January 26, 2023

Major Step Forward in Monitoring Ocean Health Through “DNA Soup”

By gearing up an LRAUV with ESP technology, researchers can broaden the scale of ocean monitoring over time and space. By contrast, conventional sampling of eDNA in the ocean needs weeks on a costly research study vessel limited to a localized location. Autonomous tools like the LRAUV and ESP make it possible for MBARI researchers to keep a relentless presence in the ocean and monitor modifications in sensitive ecosystems in ways that were not possible previously.
” Good information are the bedrock of sustainable ocean management,” stated Francisco Chavez, MBARI Senior Scientist and a co-author of the research study. Self-governing robotics will allow researchers to study formerly unsurveyed regions of the ocean.

MBARI researchers introduce a long-range autonomous underwater lorry (LRAUV) from the R/V Paragon in Monterey Bay. These active robotics can travel to remote locations of the ocean that are difficult for a crewed vessel to gain access to. Credit: Kim Fulton-Bennett © 2014 MBARI.
” We know that eDNA is an incredibly powerful tool for studying ocean communities, but weve been limited by what we can achieve using crewed research vessels. Now, self-governing technology is assisting us make better use of our time and resources to study new parts of the ocean,” stated Kobun Truelove, a biological oceanographer at MBARI and the lead author on the paper.
Marine biodiversity is a step of the abundance of people and species in the ocean. This interconnected mosaic of organisms– from the smallest plankton to the biggest whales– supports food webs, produces the air we breathe, and controls our climate. Autonomous tools like the LRAUV and ESP enable MBARI researchers to keep a relentless existence in the ocean and monitor modifications in delicate environments in ways that were not possible formerly.
” Organisms move as conditions alter in our oceans and Great Lakes, impacting individuals and economies that depend on those species. We need more affordable and more nimble techniques to keep track of biodiversity on a big scale. This study provides the synergistic development of eDNA and uncrewed innovations we need, in direct reaction to top priorities laid out in the NOAA Omics Strategic Plan,” said Kelly Goodwin, a co-author on the study and collaborator at the National Oceanic and Atmospheric Administration (NOAA).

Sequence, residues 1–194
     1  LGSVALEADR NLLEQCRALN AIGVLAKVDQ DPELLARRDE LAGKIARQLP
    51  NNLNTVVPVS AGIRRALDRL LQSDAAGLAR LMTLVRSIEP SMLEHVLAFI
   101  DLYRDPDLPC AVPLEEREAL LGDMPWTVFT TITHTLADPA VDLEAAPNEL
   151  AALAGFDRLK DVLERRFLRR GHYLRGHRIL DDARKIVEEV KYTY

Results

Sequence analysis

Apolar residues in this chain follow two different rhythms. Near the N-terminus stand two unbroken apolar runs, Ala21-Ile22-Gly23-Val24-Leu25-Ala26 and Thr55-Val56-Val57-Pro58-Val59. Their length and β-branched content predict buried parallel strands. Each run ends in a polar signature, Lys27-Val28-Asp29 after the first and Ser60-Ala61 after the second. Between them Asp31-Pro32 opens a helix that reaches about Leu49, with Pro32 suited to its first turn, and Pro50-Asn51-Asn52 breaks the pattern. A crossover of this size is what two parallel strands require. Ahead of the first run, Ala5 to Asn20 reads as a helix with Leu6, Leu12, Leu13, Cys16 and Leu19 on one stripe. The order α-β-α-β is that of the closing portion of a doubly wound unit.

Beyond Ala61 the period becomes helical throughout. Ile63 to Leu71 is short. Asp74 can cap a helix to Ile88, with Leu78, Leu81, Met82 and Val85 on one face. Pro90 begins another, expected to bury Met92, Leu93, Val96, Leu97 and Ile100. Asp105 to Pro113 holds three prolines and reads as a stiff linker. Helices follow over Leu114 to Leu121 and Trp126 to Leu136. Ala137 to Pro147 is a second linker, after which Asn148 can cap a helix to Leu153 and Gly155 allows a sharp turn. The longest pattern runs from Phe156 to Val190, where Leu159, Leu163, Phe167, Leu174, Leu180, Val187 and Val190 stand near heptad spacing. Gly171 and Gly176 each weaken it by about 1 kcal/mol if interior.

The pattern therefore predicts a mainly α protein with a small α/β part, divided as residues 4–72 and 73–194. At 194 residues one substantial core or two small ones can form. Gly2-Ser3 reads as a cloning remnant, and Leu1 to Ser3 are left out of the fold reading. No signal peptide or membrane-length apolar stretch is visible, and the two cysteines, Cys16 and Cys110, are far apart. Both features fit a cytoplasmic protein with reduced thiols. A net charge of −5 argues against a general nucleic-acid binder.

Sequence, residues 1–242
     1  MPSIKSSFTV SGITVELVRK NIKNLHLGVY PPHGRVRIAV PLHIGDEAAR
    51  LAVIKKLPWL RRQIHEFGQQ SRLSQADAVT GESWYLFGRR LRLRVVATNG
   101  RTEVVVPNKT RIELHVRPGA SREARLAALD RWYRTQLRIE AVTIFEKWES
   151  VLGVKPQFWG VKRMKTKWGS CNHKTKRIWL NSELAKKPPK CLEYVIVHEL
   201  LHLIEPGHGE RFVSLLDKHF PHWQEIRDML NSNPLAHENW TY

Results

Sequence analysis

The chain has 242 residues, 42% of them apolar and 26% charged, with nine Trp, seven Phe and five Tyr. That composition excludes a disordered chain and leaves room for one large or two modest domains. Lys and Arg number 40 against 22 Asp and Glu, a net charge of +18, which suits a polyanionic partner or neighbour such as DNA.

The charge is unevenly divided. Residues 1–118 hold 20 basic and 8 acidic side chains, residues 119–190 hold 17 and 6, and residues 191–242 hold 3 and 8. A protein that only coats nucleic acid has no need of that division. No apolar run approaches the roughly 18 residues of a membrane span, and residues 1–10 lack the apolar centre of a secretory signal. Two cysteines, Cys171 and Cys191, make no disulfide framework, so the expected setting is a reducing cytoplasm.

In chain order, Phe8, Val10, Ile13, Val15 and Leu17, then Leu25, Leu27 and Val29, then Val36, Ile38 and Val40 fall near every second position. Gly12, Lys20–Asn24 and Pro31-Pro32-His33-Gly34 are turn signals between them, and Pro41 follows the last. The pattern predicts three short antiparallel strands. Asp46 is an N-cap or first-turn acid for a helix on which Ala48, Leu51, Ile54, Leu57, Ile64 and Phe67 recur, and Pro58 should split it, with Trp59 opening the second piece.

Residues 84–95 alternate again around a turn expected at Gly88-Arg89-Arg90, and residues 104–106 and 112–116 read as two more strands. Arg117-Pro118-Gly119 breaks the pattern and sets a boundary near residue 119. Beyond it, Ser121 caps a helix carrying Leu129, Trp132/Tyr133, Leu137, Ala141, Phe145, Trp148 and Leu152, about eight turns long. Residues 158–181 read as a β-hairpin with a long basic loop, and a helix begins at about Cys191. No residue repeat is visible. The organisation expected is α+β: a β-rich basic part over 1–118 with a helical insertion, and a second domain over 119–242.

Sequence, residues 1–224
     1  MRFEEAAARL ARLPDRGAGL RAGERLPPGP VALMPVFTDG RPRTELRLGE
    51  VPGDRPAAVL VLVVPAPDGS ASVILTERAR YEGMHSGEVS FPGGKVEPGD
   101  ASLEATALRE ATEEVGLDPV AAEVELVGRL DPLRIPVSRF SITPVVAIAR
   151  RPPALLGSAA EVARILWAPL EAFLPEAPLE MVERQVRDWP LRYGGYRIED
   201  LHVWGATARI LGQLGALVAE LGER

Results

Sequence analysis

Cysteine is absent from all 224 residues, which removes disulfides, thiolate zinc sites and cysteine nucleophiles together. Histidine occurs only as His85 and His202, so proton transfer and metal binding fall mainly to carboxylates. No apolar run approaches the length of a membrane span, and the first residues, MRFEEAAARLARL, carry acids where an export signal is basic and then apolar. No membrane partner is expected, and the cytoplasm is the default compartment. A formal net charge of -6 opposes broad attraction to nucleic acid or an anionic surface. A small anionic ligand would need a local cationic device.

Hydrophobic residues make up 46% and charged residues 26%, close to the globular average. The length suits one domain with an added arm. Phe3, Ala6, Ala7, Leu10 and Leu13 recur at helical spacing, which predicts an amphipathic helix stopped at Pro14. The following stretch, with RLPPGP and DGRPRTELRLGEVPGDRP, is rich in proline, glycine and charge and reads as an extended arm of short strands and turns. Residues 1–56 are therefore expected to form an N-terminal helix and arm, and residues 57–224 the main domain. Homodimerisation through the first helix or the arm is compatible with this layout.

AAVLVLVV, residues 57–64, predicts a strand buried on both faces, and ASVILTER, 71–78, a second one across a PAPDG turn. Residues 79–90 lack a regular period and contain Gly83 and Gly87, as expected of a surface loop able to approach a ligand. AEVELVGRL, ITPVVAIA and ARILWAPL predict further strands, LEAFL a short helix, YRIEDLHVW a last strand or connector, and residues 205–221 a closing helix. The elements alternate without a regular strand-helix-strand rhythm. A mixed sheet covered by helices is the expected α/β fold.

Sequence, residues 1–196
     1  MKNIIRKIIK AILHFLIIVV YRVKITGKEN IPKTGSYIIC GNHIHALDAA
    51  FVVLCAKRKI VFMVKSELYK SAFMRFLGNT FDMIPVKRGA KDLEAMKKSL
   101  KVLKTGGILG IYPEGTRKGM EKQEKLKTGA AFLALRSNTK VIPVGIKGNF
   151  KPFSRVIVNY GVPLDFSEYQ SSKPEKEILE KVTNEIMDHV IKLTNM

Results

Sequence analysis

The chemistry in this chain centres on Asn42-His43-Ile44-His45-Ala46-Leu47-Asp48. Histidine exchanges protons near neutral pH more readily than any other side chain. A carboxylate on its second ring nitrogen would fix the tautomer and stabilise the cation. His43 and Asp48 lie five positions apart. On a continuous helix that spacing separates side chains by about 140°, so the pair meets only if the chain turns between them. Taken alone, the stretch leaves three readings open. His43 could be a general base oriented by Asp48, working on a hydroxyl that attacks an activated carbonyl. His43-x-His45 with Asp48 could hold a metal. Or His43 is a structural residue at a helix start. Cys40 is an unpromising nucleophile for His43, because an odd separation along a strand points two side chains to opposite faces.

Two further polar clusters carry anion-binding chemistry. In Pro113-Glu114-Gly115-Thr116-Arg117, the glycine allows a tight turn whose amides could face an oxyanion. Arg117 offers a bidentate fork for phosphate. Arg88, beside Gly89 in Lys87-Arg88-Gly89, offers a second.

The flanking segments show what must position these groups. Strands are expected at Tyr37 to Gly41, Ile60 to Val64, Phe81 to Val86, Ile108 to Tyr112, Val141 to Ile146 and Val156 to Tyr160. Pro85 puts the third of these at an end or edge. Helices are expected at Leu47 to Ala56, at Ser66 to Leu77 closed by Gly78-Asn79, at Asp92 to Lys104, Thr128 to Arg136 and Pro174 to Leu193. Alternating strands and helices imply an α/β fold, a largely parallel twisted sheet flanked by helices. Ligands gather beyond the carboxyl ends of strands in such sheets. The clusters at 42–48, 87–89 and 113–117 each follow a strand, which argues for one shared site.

For this research, MBARI worked together with scientists at the NOAA Atlantic Oceanographic and Meteorological Laboratory and the University of Washington to complete 3 expeditions in the Monterey Bay National Marine Sanctuary. The team collaborated sample collection in between MBARIs 3 research vessels, the NOAA Fisheries ship Reuben Lasker, and a fleet of MBARIs LRAUVs.
A ship-based team decreased bottles to a specific depth to collect and maintain water samples. On the other hand, an LRAUV geared up with an ESP autonomously preserved and tested eDNA at similar locations and depths. The eDNA samples were gone back to the lab for thorough sequencing.
For this study, scientists evaluated eDNA samples with a technique known as metabarcoding. This method looks for short DNA excerpts and provides a breakdown of the groups present in the sample. This technique is specifically helpful for translating eDNA information into a procedure of biodiversity.
Truelove kept in mind that the findings from the study mark an amazing step forward for monitoring marine ecosystems. “This work is everything about increasing the scale of eDNA research study. Instead of taking a look at a private types, we can start to more broadly define biological neighborhood structure in the ocean,” he said..